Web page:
A river-swimmer’s paradise in the heart of England | Travel

Preconceptions about places we’ve never been are formed in a multitude of ways: what we read, watch or hear about it, and sometimes even the people who are from there – whether we like them or not. Occasionally, there are areas we have no idea about. For me, that was a section in the heart of England: the south Midlands. Then I went to swim there.

“What’s this area called?” I had asked Bryn Dymott, my swimming guide for the day. Bryn had met me off the train in St Neots, Cambridgeshire, and had rapidly transported us into … well, just where had he taken us?

“Swimmer’s paradise,” he said. “Or rather, river-swimmer’s paradise. We don’t have the sea.”

Midlands map

His answer didn’t have the geographical exactitude I was after but it was heartfelt. And, after a double-dipping day with Bryn, I saw what he meant.

Bryn likes bridges. “I’m that tragic person,” he said, “who drives over a bridge and thinks, could I swim that?”

So our first stop – which I established was in Northamptonshire – was a bridge with a special jumping-in spot where, when it’s full, the river Nene pushes out of a narrow pipe into a churning maelstrom. “You might think we don’t have that mad, tumbling water here,” Bryn said, of this pretty flat area, “but there’s still lots of fun to be had.”

On this visit, the water was too low to provide such fun, so we carried on to a spot further down the Nene, near Oundle, where the pontoon of a rowing club provided a handy place to get in and out. The river was thick, flat green and we swam from village church to village church. A man in a tractor in a riverside field had no idea we were there, this was pastoral by stealth. Bryn, like an aquatic pied piper, led me carefully past a pair of swans. “They could break my arm,” I joked. “That’s a myth,” he said. “What they do is force you under with their wings, then get you with their huge swan claws.” There’s always a dark side to these pied piper types.

Jenny on the banks of the river Nene in Northamptonshire.

As we returned to the pontoon, a couple of narrowboats chugged up (this is a navigable river, so wear a bright cap and swim on the right) and we stopped to make sure they’d seen us, low in the water. “Are you wild swimming?” yelled an old fellow from one. “Open-water swimming,” Bryn yelled back, and indicated around us. “It’s not exactly ‘wild’ is it?”. We waved them off and for a moment, it felt a bit Mike Leigh.

Our second swim was replete with geographical exactitude. We were 12 miles equidistant from Bedford, Northampton and Milton Keynes, right by the rec’ in Olney, Buckinghamshire. “You know what a rec’ is?” Bryn asked as we walked across a wide mown field with room enough for plenty of picnickers. Of course I knew, (it means recreation ground) and we chatted about our swimming origins; how the outdoor pools of our childhoods were extant and how he’d come to open-water swimming.

“Waterlog,” Bryn answered. He’d picked up Roger Deakin’s book on holiday, read the first four chapters and that was it: he was hooked. They say nothing matches the zeal of a convert and Bryn is also an enthusiast, an encourager, an enabler – and a breaststroker, at that. You don’t see many of those around, do you?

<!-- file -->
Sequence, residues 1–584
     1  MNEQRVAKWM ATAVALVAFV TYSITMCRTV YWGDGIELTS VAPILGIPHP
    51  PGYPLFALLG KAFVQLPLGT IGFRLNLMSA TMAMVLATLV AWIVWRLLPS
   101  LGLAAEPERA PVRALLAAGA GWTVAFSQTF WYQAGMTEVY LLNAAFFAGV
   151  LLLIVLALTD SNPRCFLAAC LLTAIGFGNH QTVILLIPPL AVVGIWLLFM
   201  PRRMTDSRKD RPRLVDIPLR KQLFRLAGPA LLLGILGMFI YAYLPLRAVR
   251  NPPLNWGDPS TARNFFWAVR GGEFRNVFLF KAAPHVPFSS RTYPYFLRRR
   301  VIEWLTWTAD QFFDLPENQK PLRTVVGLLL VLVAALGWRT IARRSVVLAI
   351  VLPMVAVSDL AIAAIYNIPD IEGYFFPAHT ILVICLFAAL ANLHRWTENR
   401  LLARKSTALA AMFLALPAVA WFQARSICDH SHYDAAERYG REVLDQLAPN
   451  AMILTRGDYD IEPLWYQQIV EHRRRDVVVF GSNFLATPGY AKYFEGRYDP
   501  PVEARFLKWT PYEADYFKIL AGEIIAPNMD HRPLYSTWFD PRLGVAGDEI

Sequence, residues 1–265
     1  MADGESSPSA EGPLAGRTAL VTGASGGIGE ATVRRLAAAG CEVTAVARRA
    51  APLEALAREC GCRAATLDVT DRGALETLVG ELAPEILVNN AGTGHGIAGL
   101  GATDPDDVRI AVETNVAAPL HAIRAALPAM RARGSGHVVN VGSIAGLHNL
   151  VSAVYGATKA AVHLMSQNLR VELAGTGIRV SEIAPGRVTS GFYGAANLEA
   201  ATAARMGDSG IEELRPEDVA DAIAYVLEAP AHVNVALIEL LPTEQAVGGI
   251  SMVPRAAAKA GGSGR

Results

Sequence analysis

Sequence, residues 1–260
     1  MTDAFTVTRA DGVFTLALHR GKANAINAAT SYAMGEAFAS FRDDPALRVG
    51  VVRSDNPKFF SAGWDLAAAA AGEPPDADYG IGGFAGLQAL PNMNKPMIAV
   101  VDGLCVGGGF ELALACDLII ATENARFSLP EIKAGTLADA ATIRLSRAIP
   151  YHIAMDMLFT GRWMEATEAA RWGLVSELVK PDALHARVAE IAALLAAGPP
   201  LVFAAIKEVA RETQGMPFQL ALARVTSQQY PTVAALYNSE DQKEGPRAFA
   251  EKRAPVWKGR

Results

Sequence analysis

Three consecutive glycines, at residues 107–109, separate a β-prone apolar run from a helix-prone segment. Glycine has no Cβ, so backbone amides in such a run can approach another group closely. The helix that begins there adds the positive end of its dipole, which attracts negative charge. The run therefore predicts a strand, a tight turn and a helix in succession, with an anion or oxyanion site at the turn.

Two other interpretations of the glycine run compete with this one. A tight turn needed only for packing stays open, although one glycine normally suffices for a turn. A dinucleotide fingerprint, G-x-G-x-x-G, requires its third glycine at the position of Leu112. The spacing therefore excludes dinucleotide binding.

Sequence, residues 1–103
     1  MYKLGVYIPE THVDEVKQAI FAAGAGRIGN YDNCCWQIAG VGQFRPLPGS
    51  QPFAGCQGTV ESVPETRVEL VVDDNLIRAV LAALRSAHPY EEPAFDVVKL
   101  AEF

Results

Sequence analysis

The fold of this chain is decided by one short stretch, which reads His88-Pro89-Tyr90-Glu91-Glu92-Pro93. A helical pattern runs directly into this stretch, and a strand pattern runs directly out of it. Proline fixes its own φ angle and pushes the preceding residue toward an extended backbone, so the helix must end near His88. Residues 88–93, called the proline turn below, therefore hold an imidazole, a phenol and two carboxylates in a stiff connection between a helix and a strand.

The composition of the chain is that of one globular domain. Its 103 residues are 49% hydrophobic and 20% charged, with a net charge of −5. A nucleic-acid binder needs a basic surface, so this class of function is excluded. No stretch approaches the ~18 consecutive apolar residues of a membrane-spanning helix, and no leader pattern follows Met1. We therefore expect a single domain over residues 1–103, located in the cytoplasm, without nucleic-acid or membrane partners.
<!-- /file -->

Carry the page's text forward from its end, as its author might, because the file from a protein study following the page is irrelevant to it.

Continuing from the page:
Bryn’s zeal took me to the River Great Ouse at Olney, a fantastic swim spot he was keen to show off. There’s every variation of green: newly mown, the lime zing of twisting willow leaves, the boiled blue-green of stiff reeds and the dull felt of the deeper water. Where the river makes a small swoop, the council have added wide steps for an easy entry point, contradicting the nearby sign that says Swimming Not Recommended. Bryn explained how that sign read No Swimming for a while, but local people complained, as swimming here has tradition. As if to prove the point, as we got out, a gang of teenage boys launched themselves in with the abandonment of young people who have just finished an exam.

Sign on the river Great Ouse reading Swimming is Not Recommended.

Sign on the river Great Ouse. Photograph: Jenny Landreth

Someone sat smoking on the steps as we got in. “It’s dangerous round that corner,” she said. “It’s really not” said Bryn, and we set off into “danger” – swimming against a slight current, a few long weeds occasionally stroking our legs. A dog being walked along the bank caught sight of us and stood, staring, bemused. No swans, no boats, just an abundant edging of wild flowers, our two heads on the look out for kingfisher and voles, and warm water doing a slow dance.

We swam up to where a cable crossed above us, about 1km there and back. Bryn wasn’t keen to go further, it gets weedy he said, and he didn’t want his charge, me, to get swimmer’s itch. He explained it was a parasite from snails that gets under your skin. Oh god, I thought, it’s swan claws all over again. The realities of nature spoiling a lovely nature trip.

Swimming back, we saw someone ahead of us. Bryn was chuffed: it’s rare enough for him to meet another swimmer in the water, let alone one he doesn’t know. We three chatted while the sun dried us. Turned out, Andy and Bryn had swim friends in common, and Andy and I had pools in common – he was headed to Brockwell Lido in south London the next day. This happens with swimmers, we find community.

I got back on the train at Saint Neots, with a much clearer idea of where I had been, and why it offers so much. It really is a river-swimmer’s paradise – just watch out for swans and itching.

Book tickets through the Trainline app (thetrainline.com), Europe’s number one train-travel app. It features live travel and platform information and the BusyBot feature, which predicts where you can find a seat on the train – all designed to make your journey easier

Jenny Landreth is author of Swell, A Waterbiography (Bloomsbury Publications, £8.99)

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